Universal vaccination with Haemophilus influenzae type b conjugate vaccines has significantly changed the epidemiology of invasive H. influenzae disease in the United States. We reviewed the epidemiology, clinical features, and outcomes in 61 patients with invasive H. influenzae disease evaluated at Texas Children’s Hospital (TCH).
Cases of invasive H. influenzae disease, defined as isolation of the organism from cerebrospinal fluid, blood, synovial fluid or pleural fluid, during 2011 to 2018 among children cared for at TCH in Houston, TX, were included.
We identified 61 cases of invasive H. influenzae disease in children ≤18 years of age. The overall hospitalization rate due to invasive H. influenzae disease increased between 2011 and 2018 (0 vs. 0.64/1000 hospitalizations; P = 0.019). The majority (80%) of infections occurred in children <5 years of age. Of the 61 H. influenzae infections, 24 (39.3%) infections were caused by nontypeable H. influenzae strains, 18 (29.5%) infections were caused by H. influenzae type a, 12 (19.7%) infections were caused by H. influenzae type f, 3 (4.9%) infections were caused by H. influenzae type e and 4 (6.6%) isolates were not typed. A total of 78.7% of the isolates were β-lactamase negative. The most common clinical presentations were bacteremia without a source, pneumonia and meningitis.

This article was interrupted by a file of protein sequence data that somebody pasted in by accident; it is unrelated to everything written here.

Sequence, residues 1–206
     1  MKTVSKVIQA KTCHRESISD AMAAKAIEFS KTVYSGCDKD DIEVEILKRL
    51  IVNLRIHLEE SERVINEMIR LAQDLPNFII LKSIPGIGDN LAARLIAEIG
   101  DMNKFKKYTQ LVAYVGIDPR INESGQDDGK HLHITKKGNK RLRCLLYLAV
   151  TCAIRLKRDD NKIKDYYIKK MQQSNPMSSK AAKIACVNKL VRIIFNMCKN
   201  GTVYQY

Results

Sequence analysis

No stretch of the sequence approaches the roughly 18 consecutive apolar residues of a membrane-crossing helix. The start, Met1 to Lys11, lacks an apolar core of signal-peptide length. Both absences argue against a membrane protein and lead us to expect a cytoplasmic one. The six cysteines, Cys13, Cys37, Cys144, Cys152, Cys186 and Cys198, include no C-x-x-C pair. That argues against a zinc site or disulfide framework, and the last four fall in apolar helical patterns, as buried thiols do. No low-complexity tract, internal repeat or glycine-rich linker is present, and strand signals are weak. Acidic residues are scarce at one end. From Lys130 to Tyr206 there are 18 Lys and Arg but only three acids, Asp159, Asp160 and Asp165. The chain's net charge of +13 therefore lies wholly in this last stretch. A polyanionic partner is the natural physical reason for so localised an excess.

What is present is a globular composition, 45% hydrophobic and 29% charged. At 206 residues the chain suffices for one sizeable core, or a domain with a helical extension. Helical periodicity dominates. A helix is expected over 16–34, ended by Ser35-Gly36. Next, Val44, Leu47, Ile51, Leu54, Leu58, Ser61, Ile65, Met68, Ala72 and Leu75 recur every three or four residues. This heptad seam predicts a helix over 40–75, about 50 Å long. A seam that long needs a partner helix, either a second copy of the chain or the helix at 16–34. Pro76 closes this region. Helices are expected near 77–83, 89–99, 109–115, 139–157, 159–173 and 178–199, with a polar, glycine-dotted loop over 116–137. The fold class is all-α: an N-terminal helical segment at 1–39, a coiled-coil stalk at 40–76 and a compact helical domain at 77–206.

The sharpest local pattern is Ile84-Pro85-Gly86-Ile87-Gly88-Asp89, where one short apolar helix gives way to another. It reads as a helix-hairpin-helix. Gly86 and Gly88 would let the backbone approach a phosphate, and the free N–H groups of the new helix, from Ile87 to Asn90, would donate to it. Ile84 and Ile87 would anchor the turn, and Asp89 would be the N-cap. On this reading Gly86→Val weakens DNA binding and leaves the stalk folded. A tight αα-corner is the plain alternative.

The hospitalization rate for H. influenzae invasive disease increased over an 8-year period at TCH. The overall trend was mainly driven by an increasing number of invasive infections caused by nontypeable H. influenzae and H. influenzae type a. Morbidity was substantial, especially in meningitis cases.
From the *Section of Infectious Diseases, Department of Pediatrics
†Baylor College of Medicine, Houston, Texas
‡Texas Children’s Hospital, Houston, Texas
§Department of Pathology, Baylor College of Medicine, Houston, Texas.
Accepted for publication April 17, 2019.
The authors have no funding or conflicts of interest to disclose.
Author for correspondence: Jesus G. Vallejo, MD, Section of Infectious Diseases, Department of Pediatrics, Baylor College of Medicine, 1102 Bates Avenue, Houston, TX 77030. E-mail: email@example.com.